It seems technology has found its way into just about every part of human lives.
For those who use weight loss apps, the modern programs can have a big impact on physical health.
"Any time a person is looking to track or be aware of what they're doing, I think it's a positive thing, because what you track usually improves," Dr. Justin Scharer, the owner of Wausau Weight Loss, said.
There are countless programs ranging from free to pricey. Some options include "My Diet Coach," and "Weight Loss Workout for Women." They provide programs and calorie counters to help customers stay on track of fitness plans. "Happy Scale" shows users how far they've come in their weight loss journeys.
Scharer says, programs can be helpful, but they can't take the place of professionals.
"Having the guidance and the accountability is important," Scharer said.
Steve Schreiner, a personal trainer in Wausau, created an app that allows users to track their progress while being coached by a professional.
Schreiner creates custom workouts for his clients on Apex Fitness Mobile Trainer.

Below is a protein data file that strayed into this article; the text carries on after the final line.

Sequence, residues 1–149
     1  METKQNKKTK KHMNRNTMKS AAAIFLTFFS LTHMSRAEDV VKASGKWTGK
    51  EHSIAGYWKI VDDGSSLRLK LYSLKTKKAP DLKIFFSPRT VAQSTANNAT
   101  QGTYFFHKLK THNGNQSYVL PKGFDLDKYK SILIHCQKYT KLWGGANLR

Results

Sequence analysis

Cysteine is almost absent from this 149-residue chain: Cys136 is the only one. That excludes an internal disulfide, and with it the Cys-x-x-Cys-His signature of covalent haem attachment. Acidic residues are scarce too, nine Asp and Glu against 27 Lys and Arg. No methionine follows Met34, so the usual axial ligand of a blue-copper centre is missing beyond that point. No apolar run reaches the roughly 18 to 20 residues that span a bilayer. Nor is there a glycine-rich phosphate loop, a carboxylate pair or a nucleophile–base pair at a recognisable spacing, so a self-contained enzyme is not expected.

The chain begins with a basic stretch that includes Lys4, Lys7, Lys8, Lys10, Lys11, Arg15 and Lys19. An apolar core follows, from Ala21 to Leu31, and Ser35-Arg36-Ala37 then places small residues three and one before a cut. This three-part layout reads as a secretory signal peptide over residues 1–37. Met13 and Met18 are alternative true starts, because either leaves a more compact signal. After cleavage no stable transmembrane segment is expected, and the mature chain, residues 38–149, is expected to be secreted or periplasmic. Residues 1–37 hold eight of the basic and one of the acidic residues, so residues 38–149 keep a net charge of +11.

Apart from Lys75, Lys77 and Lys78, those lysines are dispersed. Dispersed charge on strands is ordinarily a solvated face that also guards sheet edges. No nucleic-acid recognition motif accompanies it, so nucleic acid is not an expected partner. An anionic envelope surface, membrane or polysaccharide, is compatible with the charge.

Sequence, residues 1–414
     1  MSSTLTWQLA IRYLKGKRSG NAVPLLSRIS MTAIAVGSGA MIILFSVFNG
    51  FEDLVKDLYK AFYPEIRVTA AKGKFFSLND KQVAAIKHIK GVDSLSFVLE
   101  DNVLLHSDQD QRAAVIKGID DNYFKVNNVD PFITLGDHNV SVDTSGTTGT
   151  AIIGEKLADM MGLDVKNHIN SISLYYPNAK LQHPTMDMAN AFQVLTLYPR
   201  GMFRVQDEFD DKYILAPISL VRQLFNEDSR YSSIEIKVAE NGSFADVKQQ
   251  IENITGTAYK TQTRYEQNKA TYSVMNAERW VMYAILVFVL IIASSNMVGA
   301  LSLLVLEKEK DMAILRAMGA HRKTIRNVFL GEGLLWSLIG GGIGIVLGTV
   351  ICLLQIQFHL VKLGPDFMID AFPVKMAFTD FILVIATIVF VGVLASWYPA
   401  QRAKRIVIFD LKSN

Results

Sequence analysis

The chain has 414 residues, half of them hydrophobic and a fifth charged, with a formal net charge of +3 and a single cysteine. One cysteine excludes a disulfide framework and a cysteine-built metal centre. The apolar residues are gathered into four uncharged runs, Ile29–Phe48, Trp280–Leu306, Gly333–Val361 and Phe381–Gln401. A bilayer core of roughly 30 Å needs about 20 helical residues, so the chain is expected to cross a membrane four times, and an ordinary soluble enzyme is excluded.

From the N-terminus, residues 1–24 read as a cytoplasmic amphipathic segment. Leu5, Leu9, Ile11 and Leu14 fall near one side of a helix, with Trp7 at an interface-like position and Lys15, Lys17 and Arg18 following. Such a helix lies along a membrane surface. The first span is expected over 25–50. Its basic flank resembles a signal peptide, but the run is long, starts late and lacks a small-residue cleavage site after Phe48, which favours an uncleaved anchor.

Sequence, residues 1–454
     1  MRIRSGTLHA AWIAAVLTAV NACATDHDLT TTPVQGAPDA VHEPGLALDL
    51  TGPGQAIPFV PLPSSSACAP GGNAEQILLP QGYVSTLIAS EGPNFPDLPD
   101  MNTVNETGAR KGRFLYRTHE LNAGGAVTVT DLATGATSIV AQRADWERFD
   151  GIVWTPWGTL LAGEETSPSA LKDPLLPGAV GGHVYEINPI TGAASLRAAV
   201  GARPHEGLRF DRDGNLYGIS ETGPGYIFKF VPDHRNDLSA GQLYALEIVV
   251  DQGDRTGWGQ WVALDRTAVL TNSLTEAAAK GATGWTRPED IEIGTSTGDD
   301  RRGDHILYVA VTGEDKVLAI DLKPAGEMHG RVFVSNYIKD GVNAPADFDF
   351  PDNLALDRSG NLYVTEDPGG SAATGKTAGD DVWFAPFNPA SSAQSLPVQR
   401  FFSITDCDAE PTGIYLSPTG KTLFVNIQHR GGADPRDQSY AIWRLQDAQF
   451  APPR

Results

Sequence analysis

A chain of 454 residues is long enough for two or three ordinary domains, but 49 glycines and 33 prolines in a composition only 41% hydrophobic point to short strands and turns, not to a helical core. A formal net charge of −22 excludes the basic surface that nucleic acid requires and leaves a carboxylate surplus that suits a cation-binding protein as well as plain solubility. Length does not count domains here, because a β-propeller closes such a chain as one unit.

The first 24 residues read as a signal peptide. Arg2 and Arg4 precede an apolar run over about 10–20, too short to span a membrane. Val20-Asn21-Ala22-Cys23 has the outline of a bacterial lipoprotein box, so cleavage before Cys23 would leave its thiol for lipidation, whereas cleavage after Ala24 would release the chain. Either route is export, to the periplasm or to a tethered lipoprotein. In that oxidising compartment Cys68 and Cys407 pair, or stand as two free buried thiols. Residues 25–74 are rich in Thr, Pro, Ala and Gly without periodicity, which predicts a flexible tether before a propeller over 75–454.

"Steve is a big part of me being successful with maintaining a weight and maintaining a strength, because he maintains that accountability that makes me get to the gym," James Meaden of Kronenwetter said. He has been using Apex Fitness Mobile Trainer on and off for two to three years.
If Meaden skips, Schreiner will know. He communicates with his clients and checks in on their progress.
The monitoring holds Schreiner's clients accountable.
"As I workout I can fill out the information of how many reps I did, what weight I did, and then it stores that data," Meaden said.
However, Scharer recognizes, for some people, data input might be a a drawback.
"If a person is focusing too much on it, it'll actually hinter their weight loss," Scharer says.
He says it's important to keep an eye on diet.
"I'm not a big fan of counting calories, because I think weight loss is more than just calories in and calories out," Scharer says.
Through his app, Schreiner sends out shopping lists, so his customers don't have to think about what foods will help them reach their goals.
Scharer says, skipping the store can be beneficial. He suggests using a grocery pickup or delivery service.
The Trig's to Go program has been up and running since October. Shoppers say, it takes the temptation out of a trip to Trig's.
"It's much healthier, you can not go through the goodie aisle when you don't need to," said Jodi Gruetzmacher, a Trig's to Go customer.